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Policy Objectives and Highway Finance

Eakinomics: Policy Objectives and Highway Finance

Automobile and truck transit has traditionally produced several policy concerns. To begin, the fuel burned as miles are traveled generates environmental damages. Policymakers have had two tools available to mitigate these damages. The first is the federal gas tax (actually an array of taxes for gasoline, diesel, kerosene, etc.). This tax is a good way to include the cost of environmental damages in the price of gasoline and to regulate them accordingly. Higher taxes and higher prices lead to incentives to have fuel-efficient cars and to drive less overall.

The second instrument are Corporate Average Fuel Economy (CAFE) standards that dictate the average miles per gallon required of fleets of new cars, yielding less fuel burned and, thus, less environmental damage. Notice, however, that CAFE standards have no incentive to limit driving and perhaps even the perverse incentive to encourage more driving.

The astute reader will note that the relatively inefficient policy — CAFE standards — has been ratcheted up sharply over time, while the efficient instrument — gas taxes — are frozen at their 1993 level of 18.4 cents per gallon.

A second set of policy objectives are focused on transportation policy. Specifically, it is desirable to have drivers, especially of trucks, to pay for the wear-and-tear that they generate on the road and highway system. By assessing a user fee for the use of highways, drivers have an incentive to regulate their driving miles. At the same time, the user fees collected serve as a financing mechanism to repair and maintain the highway system. Traditionally, the gas tax was viewed as a rough-justice approximation to such a user fee, and receipts from the federal gas tax are earmarked for the Highway Trust Fund (HTF), the primary vehicle for financing federal transportation infrastructure.

From this perspective, two things have gone wrong. First, the gas tax looks less and less like a user fee each year. The development of hybrid and electric vehicles means that increasingly there are miles driven, and wear-and-tear created, without any corresponding gasoline purchase or tax revenue generated. Because the gas tax is still at 1993 levels, the “user fee” is increasingly out of line with the costs of wear-and-tear on highways.

Second, the gas revenues are no longer sufficient as a stable funding source for the demands on the HTF. The recent history of federal surface transportation suggests that Congress has drifted into a no-man’s-land between user-fee financing and general revenue financing of surface transportation. In both the Safe, Accountable, Flexible, Efficient Transportation Equity Act: A Legacy for Users (SAFETEA-LU) in 2005 and the Moving Ahead for Progress in the 21st Century Act (MAP-21) in 2012, Congress enacted higher spending without higher revenues. The budget gap has been filled with transfers from the general fund. MAP-21 authorized the transfer of just under $20 billion from the general fund to HTF, thereby bringing the total transfers of general funds to HTF over the last several years to approximately $55 billion. Overall, 25-30 percent of federal surface transportation programs are currently supported by general funds, rather than by user fees, and that percentage continues to grow.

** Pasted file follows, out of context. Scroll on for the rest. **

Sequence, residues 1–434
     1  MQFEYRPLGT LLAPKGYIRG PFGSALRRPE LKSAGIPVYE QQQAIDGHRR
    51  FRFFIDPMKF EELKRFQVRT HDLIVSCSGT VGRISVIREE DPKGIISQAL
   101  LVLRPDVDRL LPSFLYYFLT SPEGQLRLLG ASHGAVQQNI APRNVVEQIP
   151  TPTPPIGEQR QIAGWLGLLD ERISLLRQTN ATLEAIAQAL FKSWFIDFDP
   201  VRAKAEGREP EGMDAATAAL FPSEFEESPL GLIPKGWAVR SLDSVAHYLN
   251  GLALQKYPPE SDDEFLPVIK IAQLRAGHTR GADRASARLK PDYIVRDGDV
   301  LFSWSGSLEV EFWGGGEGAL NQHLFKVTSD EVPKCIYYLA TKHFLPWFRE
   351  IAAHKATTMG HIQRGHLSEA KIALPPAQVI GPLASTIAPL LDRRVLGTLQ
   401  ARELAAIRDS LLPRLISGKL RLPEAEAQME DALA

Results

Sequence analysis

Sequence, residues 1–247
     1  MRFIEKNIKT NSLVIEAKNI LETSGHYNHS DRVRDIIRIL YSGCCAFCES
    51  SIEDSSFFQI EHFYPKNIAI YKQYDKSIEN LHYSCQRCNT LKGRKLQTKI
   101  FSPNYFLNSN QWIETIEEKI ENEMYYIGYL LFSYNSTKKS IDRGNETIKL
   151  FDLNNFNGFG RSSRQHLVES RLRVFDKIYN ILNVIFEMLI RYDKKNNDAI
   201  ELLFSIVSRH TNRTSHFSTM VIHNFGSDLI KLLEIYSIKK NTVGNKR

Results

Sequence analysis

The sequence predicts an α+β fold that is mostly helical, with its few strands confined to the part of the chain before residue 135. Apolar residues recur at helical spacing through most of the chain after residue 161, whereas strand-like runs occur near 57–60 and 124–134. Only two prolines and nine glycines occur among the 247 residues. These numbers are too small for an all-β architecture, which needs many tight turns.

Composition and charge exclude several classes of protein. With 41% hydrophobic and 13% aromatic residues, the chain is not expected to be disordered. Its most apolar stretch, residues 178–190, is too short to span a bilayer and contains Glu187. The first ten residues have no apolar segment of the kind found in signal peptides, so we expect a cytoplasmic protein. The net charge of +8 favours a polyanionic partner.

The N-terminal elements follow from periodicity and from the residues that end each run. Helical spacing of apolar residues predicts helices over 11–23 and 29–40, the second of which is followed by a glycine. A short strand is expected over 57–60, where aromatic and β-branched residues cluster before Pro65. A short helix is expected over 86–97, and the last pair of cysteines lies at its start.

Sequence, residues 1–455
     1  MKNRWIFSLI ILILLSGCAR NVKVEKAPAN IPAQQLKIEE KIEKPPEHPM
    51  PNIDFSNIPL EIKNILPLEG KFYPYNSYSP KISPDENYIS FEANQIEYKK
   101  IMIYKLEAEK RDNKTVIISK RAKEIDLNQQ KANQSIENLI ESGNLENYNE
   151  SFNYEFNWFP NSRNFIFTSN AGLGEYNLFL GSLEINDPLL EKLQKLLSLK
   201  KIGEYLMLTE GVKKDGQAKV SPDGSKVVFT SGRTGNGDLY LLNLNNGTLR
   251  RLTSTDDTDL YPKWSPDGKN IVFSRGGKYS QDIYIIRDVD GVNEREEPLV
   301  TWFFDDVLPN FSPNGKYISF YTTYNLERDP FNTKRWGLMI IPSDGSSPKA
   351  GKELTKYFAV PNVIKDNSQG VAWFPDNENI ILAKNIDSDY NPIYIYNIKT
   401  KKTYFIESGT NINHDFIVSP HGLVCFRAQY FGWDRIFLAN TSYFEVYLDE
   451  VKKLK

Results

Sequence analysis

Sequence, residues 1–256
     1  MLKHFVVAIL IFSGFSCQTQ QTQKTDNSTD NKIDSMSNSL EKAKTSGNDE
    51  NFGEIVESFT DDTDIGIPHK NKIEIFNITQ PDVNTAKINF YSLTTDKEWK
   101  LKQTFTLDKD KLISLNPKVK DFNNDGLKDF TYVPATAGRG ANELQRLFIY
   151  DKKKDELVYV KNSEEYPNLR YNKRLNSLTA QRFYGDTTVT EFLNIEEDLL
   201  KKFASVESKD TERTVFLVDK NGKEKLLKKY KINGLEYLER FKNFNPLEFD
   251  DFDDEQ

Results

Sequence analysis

A promising solution to the transportation policy problems — albeit not the environmental objectives — is a vehicle miles tax (VMT) which would tax users of highways based on the type of vehicle (particularly its weight and number of axles), how many miles it traveled, and even where those miles are traveled. The National Surface Transportation Infrastructure Financing Commission and recent research by Brookings economist Clifford Winston and his co-authors indicates that a VMT of 1.6 cents per mile would roughly replicate the current gasoline tax receipts.  However, a VMT of 2.0 cents would raise an additional $55 billion annually — putting the receipts into the HTF closer to actual needs. Even better, it would be possible to split the VMT into a relatively high rate in urban areas — which have the bulk of roads and infrastructure repair needs — and a lower rate in rural areas.

Perhaps it is time for a VMT. It is promising solution to several interrelated transportation policy problems:

  • The HTF does not have an adequate long-term funding source and has increasingly relied on general revenue transfers. Congress should proactively decide whether transportation infrastructure will be paid for by user fees or general revenue. A VMT could be the stable funding source to replace the failing gas taxes.
  • A gas tax is increasingly less like a user fee. A VMT is directly linked to use of transportation infrastructure.
  • The gas tax is a blunt instrument. The VMT is more efficient because it can be tailored to a vehicle’s weight, number of axles, and geography, thereby matching the fee paid with actual wear and tear on roads.


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